In order to enable an iCal export link, your account needs to have an API key created. This key enables other applications to access data from within Indico even when you are neither using nor logged into the Indico system yourself with the link provided. Once created, you can manage your key at any time by going to 'My Profile' and looking under the tab entitled 'HTTP API'. Further information about HTTP API keys can be found in the Indico documentation.
Additionally to having an API key associated with your account, exporting private event information requires the usage of a persistent signature. This enables API URLs which do not expire after a few minutes so while the setting is active, anyone in possession of the link provided can access the information. Due to this, it is extremely important that you keep these links private and for your use only. If you think someone else may have acquired access to a link using this key in the future, you must immediately create a new key pair on the 'My Profile' page under the 'HTTP API' and update the iCalendar links afterwards.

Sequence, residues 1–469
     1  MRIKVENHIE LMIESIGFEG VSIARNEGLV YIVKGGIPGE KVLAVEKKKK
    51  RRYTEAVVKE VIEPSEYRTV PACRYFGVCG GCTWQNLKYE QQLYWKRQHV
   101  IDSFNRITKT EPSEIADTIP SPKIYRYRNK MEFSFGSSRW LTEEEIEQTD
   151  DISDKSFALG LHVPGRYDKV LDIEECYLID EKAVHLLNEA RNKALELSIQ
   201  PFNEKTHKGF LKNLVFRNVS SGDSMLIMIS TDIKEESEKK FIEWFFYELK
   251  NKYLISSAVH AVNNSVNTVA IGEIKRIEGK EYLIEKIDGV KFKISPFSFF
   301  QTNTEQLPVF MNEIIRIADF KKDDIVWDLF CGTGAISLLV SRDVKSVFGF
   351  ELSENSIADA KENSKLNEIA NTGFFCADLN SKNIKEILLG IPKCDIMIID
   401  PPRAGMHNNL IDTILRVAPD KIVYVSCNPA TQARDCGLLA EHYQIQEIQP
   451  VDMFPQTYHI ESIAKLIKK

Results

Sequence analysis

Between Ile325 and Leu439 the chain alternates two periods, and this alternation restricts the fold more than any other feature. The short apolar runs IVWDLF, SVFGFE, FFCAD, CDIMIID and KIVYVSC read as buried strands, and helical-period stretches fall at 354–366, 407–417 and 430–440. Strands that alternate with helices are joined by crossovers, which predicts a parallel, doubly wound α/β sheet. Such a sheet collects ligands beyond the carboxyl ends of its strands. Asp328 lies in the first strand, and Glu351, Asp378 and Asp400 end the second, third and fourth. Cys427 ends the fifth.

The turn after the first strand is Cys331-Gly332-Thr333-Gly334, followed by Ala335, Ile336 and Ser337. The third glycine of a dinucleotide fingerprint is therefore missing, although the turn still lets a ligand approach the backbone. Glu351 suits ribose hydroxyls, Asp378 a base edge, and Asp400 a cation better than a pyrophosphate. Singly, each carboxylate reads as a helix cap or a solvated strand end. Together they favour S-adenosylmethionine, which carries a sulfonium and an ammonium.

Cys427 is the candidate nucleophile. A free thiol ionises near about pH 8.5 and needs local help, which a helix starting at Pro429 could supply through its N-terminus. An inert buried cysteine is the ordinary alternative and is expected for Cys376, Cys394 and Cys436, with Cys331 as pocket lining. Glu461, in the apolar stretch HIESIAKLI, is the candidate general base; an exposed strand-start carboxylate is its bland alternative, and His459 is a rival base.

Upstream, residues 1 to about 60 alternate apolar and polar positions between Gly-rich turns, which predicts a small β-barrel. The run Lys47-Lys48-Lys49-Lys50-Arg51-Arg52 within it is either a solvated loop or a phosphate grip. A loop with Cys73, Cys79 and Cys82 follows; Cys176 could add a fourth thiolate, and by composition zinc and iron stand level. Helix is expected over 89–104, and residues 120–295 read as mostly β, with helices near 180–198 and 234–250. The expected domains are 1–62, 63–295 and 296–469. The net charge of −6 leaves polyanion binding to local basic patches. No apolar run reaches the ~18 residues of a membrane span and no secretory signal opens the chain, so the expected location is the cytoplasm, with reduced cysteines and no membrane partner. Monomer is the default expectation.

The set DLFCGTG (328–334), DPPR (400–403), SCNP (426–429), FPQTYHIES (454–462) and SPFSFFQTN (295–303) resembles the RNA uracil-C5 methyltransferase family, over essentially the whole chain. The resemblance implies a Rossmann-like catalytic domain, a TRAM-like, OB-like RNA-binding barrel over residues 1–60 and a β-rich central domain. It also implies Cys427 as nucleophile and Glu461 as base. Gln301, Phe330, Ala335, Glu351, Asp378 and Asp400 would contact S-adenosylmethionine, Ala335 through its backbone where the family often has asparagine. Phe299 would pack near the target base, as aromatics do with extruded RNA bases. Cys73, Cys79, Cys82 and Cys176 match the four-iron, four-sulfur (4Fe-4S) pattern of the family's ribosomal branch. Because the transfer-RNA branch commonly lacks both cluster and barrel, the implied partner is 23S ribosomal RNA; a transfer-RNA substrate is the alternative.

Permanent link for public information only:
Permanent link for all public and protected information:
In 1964 I showed that the exclusion principle, which Wolfgang Pauli introduced for electrons in atomic physics, plays an important role in the quark physics of hadrons. Gursey and Radicati placed the ground-state baryons in 56 of SU(6). In the naive quark model this is 3 quarks, each in a 6 of SU(6), in a symmetric state. Since quarks are spin-1/2 particles the quarks should be in an antisymmetric state. To remedy that mismatch I suggested that the fermion quarks carry a new three-valued charge, later called ``color,'' and that the 56 of SU(6) should also be a singlet of the new SU(3)color . My insistence that the exclusion principle should be obeyed, together with the work of Nambu and Han who gauged SU(3)color in 1965, led to quantum chromodynamics, which is now a central part of the standard model of particle physics.